Executive Budget Delivers On County Environmental Priorities
On February 1st, Governor Kathy Hochul unveiled her SFY 2024 Executive Budget proposal, officially marking the beginning of budget season in Albany. The spending plan contains several significant investments and legislative actions that will help protect our environment and keep New Yorkers safe and healthy.
Clean Water Infrastructure Funding
Aging water infrastructure, deteriorating pipes, struggling wastewater treatment plants, and water main breaks have become commonplace throughout the state. In the 2017-18 State Budget, New York made a $2.5 billion investment in drinking water infrastructure, clean water infrastructure and water quality protection. This, year's Executive Budget proposed to build on that investment by including $500 million in clean water infrastructure funding to bring the State's total clean water investment to $5 billion since 2017.
Environmental Protection Fund
Counties are encouraged to see that this year's Executive Budget once again includes $400 million for the Environmental Protection Fund (EPF) to support projects that work to mitigate the effects of climate change, improve agricultural resources, protect water sources, advance conservation efforts, and provide recreational opportunities. Of the $400 million included in the proposal designates $54.3 million for solid waste programs, $114.2 million for parks and recreation, $186.9 million for open space programs, and $44.7 million for climate change programs.
Waste Reduction and Recycling Infrastructure Act
For several decades, counties and municipalities have borne the cost and financial risk of recycling consumer packaging. Despite having no control over what packaging is used, local governments are burdened with the expense of managing an ever-evolving, sophisticated packaging waste stream on behalf of the product manufacturers that generate the material.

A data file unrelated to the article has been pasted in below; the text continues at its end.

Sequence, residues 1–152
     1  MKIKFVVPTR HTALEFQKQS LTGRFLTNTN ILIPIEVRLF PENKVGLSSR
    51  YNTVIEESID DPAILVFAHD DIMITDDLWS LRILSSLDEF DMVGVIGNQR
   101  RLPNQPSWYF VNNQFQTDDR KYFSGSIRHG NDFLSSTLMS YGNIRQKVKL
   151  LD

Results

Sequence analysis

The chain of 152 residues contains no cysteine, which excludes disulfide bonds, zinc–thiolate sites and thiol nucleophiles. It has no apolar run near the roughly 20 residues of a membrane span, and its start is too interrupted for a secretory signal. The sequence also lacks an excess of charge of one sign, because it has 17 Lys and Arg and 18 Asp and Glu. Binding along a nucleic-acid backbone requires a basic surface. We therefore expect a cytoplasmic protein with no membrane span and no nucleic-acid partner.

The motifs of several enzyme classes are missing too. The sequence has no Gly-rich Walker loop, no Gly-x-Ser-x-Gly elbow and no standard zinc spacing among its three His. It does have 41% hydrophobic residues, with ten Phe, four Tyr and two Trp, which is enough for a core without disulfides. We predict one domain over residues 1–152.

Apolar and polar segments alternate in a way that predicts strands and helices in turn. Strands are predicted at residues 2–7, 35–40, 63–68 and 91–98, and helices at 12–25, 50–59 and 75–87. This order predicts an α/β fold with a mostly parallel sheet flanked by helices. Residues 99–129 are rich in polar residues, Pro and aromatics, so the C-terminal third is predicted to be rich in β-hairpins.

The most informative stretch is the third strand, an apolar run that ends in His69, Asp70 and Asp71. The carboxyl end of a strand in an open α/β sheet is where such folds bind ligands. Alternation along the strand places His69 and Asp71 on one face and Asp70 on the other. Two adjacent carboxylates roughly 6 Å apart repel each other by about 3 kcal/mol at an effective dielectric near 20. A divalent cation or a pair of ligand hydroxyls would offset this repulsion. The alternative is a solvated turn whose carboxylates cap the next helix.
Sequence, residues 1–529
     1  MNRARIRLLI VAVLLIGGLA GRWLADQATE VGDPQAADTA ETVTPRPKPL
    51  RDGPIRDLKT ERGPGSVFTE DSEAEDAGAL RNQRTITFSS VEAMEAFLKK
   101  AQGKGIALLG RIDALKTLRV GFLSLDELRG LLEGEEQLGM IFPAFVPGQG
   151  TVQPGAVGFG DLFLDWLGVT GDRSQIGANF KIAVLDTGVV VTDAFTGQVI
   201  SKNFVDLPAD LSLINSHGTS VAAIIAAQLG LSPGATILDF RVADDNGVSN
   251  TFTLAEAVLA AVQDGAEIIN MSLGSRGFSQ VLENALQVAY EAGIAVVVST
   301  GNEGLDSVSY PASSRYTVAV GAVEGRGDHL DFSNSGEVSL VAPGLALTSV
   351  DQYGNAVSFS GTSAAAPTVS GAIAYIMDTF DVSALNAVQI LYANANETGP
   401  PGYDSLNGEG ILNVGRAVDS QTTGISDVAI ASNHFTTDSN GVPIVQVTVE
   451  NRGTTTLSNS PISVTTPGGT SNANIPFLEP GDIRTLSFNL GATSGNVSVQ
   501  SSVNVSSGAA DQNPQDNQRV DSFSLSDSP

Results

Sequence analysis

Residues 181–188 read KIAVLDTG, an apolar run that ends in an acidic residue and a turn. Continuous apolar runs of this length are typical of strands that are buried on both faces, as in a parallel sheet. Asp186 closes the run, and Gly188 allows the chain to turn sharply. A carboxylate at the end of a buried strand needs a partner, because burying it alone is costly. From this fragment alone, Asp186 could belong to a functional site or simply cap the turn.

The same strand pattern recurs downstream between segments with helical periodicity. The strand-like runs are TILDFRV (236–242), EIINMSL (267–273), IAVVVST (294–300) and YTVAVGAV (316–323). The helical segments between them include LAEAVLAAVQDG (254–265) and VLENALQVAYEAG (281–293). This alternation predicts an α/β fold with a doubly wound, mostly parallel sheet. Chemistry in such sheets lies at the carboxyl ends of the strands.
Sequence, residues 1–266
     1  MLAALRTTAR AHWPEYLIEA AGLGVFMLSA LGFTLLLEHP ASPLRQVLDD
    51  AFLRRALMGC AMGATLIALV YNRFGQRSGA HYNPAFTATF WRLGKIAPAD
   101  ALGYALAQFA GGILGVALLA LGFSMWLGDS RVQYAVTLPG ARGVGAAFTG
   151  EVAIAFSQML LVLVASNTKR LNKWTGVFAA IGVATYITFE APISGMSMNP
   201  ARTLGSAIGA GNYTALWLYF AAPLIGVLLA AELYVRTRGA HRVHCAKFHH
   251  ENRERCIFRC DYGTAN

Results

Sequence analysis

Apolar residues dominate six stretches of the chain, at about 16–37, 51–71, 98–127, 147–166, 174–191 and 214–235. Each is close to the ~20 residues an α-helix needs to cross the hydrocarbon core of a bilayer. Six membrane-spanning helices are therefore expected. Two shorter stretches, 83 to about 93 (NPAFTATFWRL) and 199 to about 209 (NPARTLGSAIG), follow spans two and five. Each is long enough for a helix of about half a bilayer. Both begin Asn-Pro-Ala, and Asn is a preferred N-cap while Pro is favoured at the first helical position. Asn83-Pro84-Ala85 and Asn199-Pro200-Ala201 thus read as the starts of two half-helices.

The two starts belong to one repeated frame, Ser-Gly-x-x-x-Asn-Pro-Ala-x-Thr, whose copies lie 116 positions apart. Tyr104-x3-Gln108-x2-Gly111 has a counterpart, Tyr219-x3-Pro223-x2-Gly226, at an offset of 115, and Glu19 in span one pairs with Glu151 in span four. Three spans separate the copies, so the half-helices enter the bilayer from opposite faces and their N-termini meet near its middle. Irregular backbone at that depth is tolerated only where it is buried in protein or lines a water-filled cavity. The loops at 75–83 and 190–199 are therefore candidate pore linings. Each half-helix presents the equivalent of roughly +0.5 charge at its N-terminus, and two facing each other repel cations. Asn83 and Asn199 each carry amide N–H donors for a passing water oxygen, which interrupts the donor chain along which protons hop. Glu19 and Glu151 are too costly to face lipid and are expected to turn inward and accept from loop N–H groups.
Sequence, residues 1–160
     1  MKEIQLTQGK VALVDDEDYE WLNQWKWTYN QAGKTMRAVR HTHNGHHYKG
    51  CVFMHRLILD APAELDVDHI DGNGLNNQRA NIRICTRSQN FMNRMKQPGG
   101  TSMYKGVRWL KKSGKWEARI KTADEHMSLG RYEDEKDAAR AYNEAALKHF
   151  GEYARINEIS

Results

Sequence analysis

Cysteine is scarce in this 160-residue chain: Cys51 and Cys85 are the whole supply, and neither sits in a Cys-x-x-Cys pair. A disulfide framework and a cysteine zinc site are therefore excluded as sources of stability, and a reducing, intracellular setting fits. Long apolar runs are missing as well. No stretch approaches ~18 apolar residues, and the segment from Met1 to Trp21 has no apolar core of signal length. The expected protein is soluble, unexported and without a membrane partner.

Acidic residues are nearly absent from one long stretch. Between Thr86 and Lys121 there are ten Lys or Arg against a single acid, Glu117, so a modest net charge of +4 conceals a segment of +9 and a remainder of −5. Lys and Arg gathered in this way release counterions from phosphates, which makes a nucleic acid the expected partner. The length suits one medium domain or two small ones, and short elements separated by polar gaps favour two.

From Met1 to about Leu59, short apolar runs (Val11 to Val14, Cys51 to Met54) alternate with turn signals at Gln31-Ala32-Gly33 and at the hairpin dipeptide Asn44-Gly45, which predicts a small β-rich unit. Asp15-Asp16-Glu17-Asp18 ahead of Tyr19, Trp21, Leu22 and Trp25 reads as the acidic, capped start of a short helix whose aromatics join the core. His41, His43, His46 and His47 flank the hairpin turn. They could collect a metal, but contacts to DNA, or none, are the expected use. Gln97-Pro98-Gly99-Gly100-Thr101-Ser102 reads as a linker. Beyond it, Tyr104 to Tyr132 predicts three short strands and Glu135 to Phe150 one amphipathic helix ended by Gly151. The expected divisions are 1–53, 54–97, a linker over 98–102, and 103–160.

Today, in the wake of a global recycling crisis, the value of curbside recyclables no longer covers the cost of processing the materials at local material recovery facilities (MRFs).
Contained within the proposal is legislation to create a statewide extended producer responsibility (EPR) program that will transfer the responsibility of end-of-life management for packaging and paper products back onto the producer. This legislation will provide relief to local governments while incentivizing producers to reduce waste and use packaging that is easier to recycle.
Clean Up Forever Chemicals Initiative
For years, one of NYSAC's top environmental priorities has been to work with the state to reduce the danger from PFAS and other “forever chemicals.” The Executive Budget would expand the Environmental Restoration Program (ERP) to allow available state appropriations to support municipalities in investigating and remediating municipally owned sites contaminated with PFAS and emerging contaminants. It would also make technical amendments to disqualify municipalities that deliberately caused contamination, allow for settlement funds a municipality receives to be used as the local match, and broaden the eligibility criteria for projects under ERP. The Budget includes $60 million to fund the first year of this Clean Up “Forever Chemicals” initiative.
Establish the Hazard Mitigation State Revolving Loan Fund
Another bright spot in the SFY 2024 Executive Budget is the inclusion of legislation to create the New York State Hazard Mitigation State Revolving Loan Fund to provide low-interest loans to local governments for mitigation projects. The federal Safeguarding Tomorrow through Ongoing Risk Mitigation (STORM) Act requires the establishment of this dedicated fund for New York to receive and administer loans via capitalization grants from the Federal Emergency Management Agency (FEMA).
Lead Service Line Replacement
Protecting children from exposure to lead is a key public health priority, as even low levels of lead in blood have been shown to affect IQ, ability to pay attention, and academic achievement. Counties are encouraged by legislation within the Executive Budget that amends Local Finance Law to allow New York State to use federal Bipartisan Infrastructure Law (BIL) funding to replace entire lead service lines. This would include portions of lines that may cross private property boundaries, a requirement of BIL funding. New York State is anticipated to receive $115 million annually for the next five years in BIL funding to inventory and replace lead service lines in public water systems. Municipalities, school districts, and district corporations will be able to access low-cost financing options through the Environmental Facilities Corporation (EFC).